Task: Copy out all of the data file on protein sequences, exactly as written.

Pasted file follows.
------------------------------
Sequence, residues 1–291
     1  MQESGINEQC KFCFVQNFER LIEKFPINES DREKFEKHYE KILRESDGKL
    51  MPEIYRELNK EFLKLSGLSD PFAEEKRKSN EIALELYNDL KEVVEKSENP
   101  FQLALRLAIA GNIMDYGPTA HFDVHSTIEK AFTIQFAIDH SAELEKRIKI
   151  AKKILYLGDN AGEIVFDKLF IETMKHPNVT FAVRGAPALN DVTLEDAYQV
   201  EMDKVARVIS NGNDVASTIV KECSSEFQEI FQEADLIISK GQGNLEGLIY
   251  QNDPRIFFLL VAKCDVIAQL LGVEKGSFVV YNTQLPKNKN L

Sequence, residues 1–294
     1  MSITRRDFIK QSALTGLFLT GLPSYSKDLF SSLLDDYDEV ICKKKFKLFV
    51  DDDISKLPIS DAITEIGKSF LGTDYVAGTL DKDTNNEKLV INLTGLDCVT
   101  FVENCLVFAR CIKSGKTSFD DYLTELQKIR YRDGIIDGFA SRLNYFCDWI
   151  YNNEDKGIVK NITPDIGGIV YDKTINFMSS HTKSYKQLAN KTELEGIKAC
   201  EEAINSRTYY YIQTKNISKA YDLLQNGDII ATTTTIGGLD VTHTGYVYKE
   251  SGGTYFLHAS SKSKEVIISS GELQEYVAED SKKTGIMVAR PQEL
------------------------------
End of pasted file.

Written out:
Sequence, residues 1–291
     1  MQESGINEQC KFCFVQNFER LIEKFPINES DREKFEKHYE KILRESDGKL
    51  MPEIYRELNK EFLKLSGLSD PFAEEKRKSN EIALELYNDL KEVVEKSENP
   101  FQLALRLAIA GNIMDYGPTA HFDVHSTIEK AFTIQFAIDH SAELEKRIKI
   151  AKKILYLGDN AGEIVFDKLF IETMKHPNVT FAVRGAPALN DVTLEDAYQV
   201  EMDKVARVIS NGNDVASTIV KECSSEFQEI FQEADLIISK GQGNLEGLIY
   251  QNDPRIFFLL VAKCDVIAQL LGVEKGSFVV YNTQLPKNKN L

Sequence, residues 1–294
     1  MSITRRDFIK QSALTGLFLT GLPSYSKDLF SSLLDDYDEV ICKKKFKLFV
    51  DDDISKLPIS DAITEIGKSF LGTDYVAGTL DKDTNNEKLV INLTGLDCVT
   101  FVENCLVFAR CIKSGKTSFD DYLTELQKIR YRDGIIDGFA SRLNYFCDWI
   151  YNNEDKGIVK NITPDIGGIV YDKTINFMSS HTKSYKQLAN KTELEGIKAC
   201  EEAINSRTYY YIQTKNISKA YDLLQNGDII ATTTTIGGLD VTHTGYVYKE
   251  SGGTYFLHAS SKSKEVIISS GELQEYVAED SKKTGIMVAR PQEL